The media spectacle surrounding Ponzi schemer Tim Durham’s trial and sentencing three years ago was something to behold. Media from two states converged on the federal courthouse and watched a jury convict him on all 12 felony counts and a judge sentence him to 50 years in prison.
The episode is no doubt a painful memory for Durham, one he has had plenty of time to ponder as an inmate at the McCreary U.S. Penitentiary in Pine Knot, Kentucky.
Now, Durham is set to make a return trip to the site of one of the most-watched white-collar trials in Indiana history. Judge Jane Magnus-Stinson has ordered him to appear June 26 for resentencing in the wake of the September dismissal of two counts by the U.S. Court of Appeals.
The appeals court threw out the two counts because prosecutors in those instances failed to enter key documents into the record. “It was clearly an oversight,” the three-judge panel wrote, “but the mistake leaves a crucial gap in the evidence on those counts.”
If prosecutors get their way, Durham will receive little or no benefit from the dismissals, even as he weathers the media glare and possible glares from fraud victims in the courtroom. In a statement, Acting U.S. Attorney Josh Minkler said “our position will be that [the dismissal] will have a negligible effect on the final sentence.”
Durham’s court-appointed attorney, Kenneth Riggins, isn’t saying how large a reduction he will seek. “As close to zero as I can get him I think he would appreciate,” Riggins said with a chuckle.
The way the original sentencing unfolded doesn’t bode well for Durham.
Prosecutors had sought a 225-year sentence for the Indianapolis businessman, who was found guilty of looting Akron, Ohio-based Fair Finance Co. to prop up failing businesses, curry favor with friends, and support a lavish lifestyle. Fair’s 5,200 investors—mom-and-pop Ohioans who bought unsecured certificates—lost more than $200 million when the company shut down in November 2009.
At the sentencing hearing, Magnus-Stinson spoke harshly of Durham, but said there was no point in handing down a sentence that was a multiple of his likely life span.
“This case was all about numbers that were puffed up to create appearances,” she said. “I am not going to play that game. Mr. Durham is 50 years old.”
The two dismissals only slightly change the math, reducing the calculation under federal sentencing guidelines from 225 years to 185 years.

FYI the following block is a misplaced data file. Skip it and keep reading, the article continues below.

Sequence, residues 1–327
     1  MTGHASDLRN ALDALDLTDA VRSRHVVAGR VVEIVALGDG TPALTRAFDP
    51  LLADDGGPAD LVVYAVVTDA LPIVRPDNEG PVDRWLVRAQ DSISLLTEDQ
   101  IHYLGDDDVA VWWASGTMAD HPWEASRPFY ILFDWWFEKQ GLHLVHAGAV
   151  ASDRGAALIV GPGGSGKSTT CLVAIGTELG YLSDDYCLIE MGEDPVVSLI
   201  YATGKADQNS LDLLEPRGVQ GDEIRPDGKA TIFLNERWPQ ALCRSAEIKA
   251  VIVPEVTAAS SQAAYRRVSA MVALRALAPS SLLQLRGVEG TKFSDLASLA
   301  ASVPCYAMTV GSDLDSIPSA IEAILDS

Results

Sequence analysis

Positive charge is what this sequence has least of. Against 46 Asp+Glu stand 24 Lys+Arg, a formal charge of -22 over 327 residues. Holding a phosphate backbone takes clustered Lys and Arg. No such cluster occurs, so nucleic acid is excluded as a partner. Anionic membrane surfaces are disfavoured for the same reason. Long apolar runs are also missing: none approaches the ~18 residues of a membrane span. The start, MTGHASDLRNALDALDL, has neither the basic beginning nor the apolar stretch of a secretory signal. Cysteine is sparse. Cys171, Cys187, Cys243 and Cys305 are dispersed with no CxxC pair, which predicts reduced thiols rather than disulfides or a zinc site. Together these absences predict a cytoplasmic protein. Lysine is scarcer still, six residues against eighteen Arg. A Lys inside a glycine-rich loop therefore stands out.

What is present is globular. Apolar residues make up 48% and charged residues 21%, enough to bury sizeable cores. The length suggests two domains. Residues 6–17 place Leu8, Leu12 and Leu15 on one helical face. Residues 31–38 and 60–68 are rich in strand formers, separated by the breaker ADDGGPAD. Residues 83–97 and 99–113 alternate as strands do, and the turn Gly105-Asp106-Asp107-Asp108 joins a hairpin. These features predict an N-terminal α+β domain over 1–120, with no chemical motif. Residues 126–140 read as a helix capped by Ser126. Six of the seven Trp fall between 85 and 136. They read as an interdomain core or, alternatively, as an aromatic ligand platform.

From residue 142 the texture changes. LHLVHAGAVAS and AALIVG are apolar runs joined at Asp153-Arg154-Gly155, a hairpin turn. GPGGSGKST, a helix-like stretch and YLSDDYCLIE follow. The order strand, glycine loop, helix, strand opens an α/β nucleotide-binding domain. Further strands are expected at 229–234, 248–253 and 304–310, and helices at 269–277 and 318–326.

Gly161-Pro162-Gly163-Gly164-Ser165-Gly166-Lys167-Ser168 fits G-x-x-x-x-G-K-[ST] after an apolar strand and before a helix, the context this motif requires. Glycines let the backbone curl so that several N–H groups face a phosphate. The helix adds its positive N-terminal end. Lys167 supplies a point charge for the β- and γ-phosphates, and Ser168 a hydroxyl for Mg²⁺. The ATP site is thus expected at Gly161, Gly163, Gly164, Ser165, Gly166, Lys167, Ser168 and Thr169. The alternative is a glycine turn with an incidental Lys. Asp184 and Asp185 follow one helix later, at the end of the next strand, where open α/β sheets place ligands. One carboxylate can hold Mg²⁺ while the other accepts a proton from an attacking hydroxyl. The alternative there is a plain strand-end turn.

The only way for Durham to extricate himself from a decades-long prison sentence likely would be to get his convictions overturned by the U.S. Supreme Court—which he is trying to do.
It’s a long shot to be sure, perhaps even more so because the former Ice Miller business attorney is representing himself in that process.
Durham and his co-defendants—Fair co-owner Jim Cochran and Fair Chief Financial Officer Rick Snow—argued before the U.S. Court of Appeals that their convictions stemmed from a series of legal missteps, including a judge’s 2009 decision to allow wiretaps without requiring investigators to demonstrate that “ordinary investigative techniques failed or were unlikely to succeed.”
The attorneys also fault Magnus-Stinson for not calling a mistrial when prosecutors during closing statements took “unfair advantage” of an inadvertent misstatement by Cochran’s public defender, William Dazey.
Dazey said in court he believed a “scheme to defraud” had occurred, something he later said he had not meant. The appeals brief argues that prosecutors twisted that “obvious misstatement” into a “critical concession.”
“To a jury starved for something it could understand, the prosecutor’s endorsement of Dazey’s misstatement must have seemed a comprehensible proposition with which it could too easily agree,” the defendants said in their brief.
“It gave the jury the mistaken impression that a defendant—one of only three people who really knew what had happened between Snow, Durham and Cochran—had admitted the core element of the case for all three.”
Durham decided to proceed with seeking U.S. Supreme Court review on his own after his pro bono attorney, James Mutchnik of Chicago-based Kirkland & Ellis, stepped aside last fall.
Court records show Mutchnik withdrew after concluding that “no reasonable grounds exist for … filing a writ of certiorari,” the formal request for Supreme Court review. The high court rarely grants such requests. Durham submitted his in April.•